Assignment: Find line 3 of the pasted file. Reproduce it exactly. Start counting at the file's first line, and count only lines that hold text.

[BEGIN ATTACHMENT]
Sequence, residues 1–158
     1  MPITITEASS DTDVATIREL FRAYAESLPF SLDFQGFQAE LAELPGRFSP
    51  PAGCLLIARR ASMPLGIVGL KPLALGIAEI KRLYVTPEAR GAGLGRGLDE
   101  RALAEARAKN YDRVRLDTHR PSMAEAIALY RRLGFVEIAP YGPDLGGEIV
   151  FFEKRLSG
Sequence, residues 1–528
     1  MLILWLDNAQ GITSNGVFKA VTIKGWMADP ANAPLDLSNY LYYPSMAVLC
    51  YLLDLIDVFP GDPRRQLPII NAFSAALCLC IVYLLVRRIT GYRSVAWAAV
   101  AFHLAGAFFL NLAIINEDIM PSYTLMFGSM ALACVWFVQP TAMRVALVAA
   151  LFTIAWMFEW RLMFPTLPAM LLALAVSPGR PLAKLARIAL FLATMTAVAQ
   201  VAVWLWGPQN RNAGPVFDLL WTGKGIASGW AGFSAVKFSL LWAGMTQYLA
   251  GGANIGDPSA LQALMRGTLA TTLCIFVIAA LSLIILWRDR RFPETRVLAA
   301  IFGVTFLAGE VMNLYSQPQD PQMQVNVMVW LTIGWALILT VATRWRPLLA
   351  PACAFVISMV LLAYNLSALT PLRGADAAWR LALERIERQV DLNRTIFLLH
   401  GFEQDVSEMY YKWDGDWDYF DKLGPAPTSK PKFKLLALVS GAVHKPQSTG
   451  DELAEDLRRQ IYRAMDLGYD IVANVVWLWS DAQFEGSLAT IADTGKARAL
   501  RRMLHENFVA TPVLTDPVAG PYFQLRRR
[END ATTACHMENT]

    51  PAGCLLIARR ASMPLGIVGL KPLALGIAEI KRLYVTPEAR GAGLGRGLDE